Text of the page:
The NIH, FDA and Bill and Melinda Gates Foundation are working with a San Francisco startup whose calling card is an AI-enabled engine that renders patient data unidentifiable by reproducing it in synthetic versions.

Last Tuesday the FDA posted an action plan telling how it will evaluate AI for medical applications going forward. Three days later the agency officially proposed letting numerous products through without review. 

After perusing info on AI startups as compiled by Crunchbase, Forbes senior contributor Louis Columbus has named one “to watch” in 2021 that serves exclusively healthcare.

The FDA’s new Digital Health Center of Excellence has released a document describing how it will henceforth oversee and evaluate software that incorporates AI and machine learning for medical applications.

AI researchers and developers across the U.S. received a powerful if overshadowed shot in the arm on New Year’s Day.

The FDA has cleared UK-based Ultromics to sell an AI-powered tool for diagnosing coronary artery disease (CAD) on echocardiograms.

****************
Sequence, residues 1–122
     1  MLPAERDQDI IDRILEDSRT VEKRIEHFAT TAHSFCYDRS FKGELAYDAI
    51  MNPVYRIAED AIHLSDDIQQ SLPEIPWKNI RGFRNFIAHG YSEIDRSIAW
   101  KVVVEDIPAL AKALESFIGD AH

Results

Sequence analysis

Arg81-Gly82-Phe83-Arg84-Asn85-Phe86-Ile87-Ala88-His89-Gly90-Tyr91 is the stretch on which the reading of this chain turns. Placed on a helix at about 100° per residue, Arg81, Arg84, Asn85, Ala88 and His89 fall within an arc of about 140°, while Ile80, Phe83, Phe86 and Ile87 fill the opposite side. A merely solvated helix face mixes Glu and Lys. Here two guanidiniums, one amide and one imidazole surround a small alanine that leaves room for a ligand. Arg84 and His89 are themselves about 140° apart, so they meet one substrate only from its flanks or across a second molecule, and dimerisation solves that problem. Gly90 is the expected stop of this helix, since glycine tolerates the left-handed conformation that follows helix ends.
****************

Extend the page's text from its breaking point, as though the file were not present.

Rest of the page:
Of 52 AI models analyzed by MIT’s Center for Information Systems Research over the past two years, 31 have been deployed. The rest were in pilot phases or under development.

Now comes a boomlet in vendors looking to piggyback on Viz.ai’s success, according to Niall Brennan, MPP, a member of Viz.ai’s advisory board who is also the head of the Healthcare Cost Institute.

A few months into the COVID crisis, the health department of California’s Contra Costa County faced an unexpected side challenge: Staff were getting inundated by faxes bearing vital health data.

An integrated delivery network that covers five and a half million lives is bringing in Google Cloud to help build and maintain a patient-centric platform with advanced analytic and AI capabilities.

An Israeli healthcare AI startup has earned a seventh green light from the FDA. Its latest algorithm can reconstruct X-rays of bones into 3D printouts with no less clarity than would be produced by advanced imaging modalities.

Amazon Web Services is marketing the line to healthcare organizations that are awash in data but lack an efficient way to wring meaning from it.